Representation = legala mutor? : Gränsen mellan representation enligt 16 kap. 2 § IL och mutor eller andra otillbörliga belöningar enligt 9 kap. 10 § IL
Companies use different forms of representation to promote business negotiations. The regulations for the right to deduction for the cost of representation are stated in Chapter 16 section 2 of the Swedish Income Tax Act (IL). According to the law there must be an im-mediate connection between the expenditure and the business practice and the claimed de-duction must be reasonable. The Swedish tax authority publishes general recommendations regarding representation which are used as guidelines for the tax payer to follow. The gen-eral provision about tax deduction can be found in Chapter 16 section 1 of the Swedish In-come Tax Act (IL), stating that expenses to acquire or retain income shall be deductible. Expenses that have an immediate connection with incomes count as tax deductible ex-penses in the business practice. The provision about deductible representation is in this manner more restrictive than the general principle in Chapter 16 section 1 of the Swedish Income Tax Act (IL). Taxation law is complicated and it may demand interpretation of the regulations. When gaps are present in regulations, certain interpretation methods and pro-cedures can be applied in order to increase the foreseeability for the tax payer. The Swedish tax authority’s general recommendation contributes to an increased foreseeability and con-formity since their instructions play a significant role regarding deduction for representa-tion.Personal living costs are not deductible according to Chapter 9 section 2 of the Swedish Income Tax Act (IL). The provision about representation in Chapter 16 section 2 of the Swedish Income Tax Act (IL) is not applicable on personal living costs since a strict de-mand for an immediate connection between the expenditure and business practices is re-quired. What is considered as an immediate connection between the expenditure and busi-ness practices is a matter of judgement on the basis of the circumstances in each individual case. The circumstances that need to be considered are differences between companies, type of movement, the form of representation and at how many occasions representation has occurred.Representation can adopt the form of bribes or other improper rewards as it lies in the na-ture of representation to function as an economic lubricant. According to Chapter 9 sec-tion 10 of the Swedish Income Tax Act (IL), expenses for bribes or other improper re-wards are not deductible. The meaning of improper is not further defined in the taxation regulations. Case law emanating from the criminal regulations in Chapter 17 section 7 and Chapter 20 section 2 of the Swedish Penal Code (BrB) may instead be used to clarify this conception. A judgement of all the circumstances in each individual case must be made to determine what is considered as improper.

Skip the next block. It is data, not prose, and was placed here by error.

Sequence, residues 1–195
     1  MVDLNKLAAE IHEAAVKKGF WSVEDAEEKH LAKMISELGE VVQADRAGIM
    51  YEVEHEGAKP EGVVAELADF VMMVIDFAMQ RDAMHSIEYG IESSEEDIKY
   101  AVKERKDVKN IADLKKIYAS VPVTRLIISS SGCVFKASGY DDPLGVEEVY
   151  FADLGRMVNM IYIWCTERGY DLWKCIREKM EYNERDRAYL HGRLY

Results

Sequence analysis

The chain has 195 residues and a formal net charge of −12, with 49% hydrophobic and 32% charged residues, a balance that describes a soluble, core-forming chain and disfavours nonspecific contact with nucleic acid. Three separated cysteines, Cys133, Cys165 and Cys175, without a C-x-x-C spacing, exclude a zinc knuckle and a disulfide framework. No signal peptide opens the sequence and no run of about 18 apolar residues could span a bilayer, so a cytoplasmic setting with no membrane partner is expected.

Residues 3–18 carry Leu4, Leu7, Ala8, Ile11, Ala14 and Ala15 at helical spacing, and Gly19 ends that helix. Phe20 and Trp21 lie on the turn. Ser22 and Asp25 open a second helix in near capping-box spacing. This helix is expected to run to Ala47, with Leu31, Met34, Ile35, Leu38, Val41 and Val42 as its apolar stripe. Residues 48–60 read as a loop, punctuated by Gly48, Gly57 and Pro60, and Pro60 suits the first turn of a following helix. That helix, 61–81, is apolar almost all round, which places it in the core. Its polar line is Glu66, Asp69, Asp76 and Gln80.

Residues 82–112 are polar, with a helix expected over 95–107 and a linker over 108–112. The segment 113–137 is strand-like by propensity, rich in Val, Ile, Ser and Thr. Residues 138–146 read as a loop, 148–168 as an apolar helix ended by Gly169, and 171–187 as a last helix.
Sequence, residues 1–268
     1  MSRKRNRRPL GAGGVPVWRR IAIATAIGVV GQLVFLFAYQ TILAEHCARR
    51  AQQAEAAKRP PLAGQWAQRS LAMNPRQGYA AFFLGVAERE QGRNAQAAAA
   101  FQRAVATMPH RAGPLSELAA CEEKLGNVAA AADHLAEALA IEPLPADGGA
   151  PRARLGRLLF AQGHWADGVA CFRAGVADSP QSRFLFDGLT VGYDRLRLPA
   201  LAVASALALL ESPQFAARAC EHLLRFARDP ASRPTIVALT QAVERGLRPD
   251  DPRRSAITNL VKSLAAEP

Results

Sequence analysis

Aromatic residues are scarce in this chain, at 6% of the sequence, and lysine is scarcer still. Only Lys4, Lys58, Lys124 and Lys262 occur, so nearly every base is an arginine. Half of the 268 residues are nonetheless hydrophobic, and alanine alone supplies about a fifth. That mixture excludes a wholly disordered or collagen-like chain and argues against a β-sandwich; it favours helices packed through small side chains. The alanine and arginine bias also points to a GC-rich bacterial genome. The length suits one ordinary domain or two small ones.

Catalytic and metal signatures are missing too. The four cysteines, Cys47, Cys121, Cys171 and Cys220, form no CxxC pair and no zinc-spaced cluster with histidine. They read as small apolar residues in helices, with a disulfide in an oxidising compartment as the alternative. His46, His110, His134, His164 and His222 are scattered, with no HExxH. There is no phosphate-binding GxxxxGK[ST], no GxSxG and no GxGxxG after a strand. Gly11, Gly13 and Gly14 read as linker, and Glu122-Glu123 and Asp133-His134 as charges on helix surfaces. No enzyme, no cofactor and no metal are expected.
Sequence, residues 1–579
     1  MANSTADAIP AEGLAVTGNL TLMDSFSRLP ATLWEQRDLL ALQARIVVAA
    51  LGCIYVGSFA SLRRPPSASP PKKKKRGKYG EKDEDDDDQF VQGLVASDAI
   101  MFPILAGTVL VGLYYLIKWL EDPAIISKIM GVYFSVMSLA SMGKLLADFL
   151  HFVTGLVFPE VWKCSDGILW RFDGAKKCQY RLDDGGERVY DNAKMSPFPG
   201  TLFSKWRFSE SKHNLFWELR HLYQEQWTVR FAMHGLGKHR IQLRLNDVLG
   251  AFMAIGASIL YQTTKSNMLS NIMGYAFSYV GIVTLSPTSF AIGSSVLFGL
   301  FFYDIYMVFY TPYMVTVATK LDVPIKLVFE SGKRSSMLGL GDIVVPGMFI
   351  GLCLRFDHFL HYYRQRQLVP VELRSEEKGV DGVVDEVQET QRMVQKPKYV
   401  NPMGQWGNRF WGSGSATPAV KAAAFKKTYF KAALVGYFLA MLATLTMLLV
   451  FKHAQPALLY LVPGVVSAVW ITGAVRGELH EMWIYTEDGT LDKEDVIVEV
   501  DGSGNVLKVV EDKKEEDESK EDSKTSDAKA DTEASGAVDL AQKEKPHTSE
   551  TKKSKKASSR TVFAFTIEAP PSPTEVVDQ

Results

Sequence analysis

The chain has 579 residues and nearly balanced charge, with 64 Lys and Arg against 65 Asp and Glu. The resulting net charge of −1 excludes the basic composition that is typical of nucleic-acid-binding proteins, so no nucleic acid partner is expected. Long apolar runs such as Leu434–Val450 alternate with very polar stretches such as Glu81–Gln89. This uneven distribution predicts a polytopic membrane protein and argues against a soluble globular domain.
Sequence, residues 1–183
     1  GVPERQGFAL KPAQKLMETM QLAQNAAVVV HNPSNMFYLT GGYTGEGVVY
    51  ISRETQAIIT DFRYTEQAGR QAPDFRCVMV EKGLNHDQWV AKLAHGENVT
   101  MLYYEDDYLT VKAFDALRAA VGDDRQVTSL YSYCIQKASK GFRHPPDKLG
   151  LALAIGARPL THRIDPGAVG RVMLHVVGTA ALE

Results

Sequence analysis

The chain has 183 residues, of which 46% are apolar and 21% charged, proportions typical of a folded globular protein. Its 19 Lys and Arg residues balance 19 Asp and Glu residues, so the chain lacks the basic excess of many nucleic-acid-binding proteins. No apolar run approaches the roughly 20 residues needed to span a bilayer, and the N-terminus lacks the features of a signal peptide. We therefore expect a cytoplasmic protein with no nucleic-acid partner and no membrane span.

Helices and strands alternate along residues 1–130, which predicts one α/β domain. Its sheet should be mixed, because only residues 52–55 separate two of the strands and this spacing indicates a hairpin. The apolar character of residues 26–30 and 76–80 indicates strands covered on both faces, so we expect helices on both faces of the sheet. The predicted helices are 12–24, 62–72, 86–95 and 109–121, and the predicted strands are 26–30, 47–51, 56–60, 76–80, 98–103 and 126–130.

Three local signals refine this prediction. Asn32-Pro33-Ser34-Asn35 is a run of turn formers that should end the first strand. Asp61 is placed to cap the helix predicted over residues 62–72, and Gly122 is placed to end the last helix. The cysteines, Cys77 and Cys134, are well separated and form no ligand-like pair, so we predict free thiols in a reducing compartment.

School:Högskolan i Jönköping
Source Type:Master's Thesis
Keywords:taxation law interpretation tax deduction representation bribes or other improper rewards
Date of Publication:02/13/2007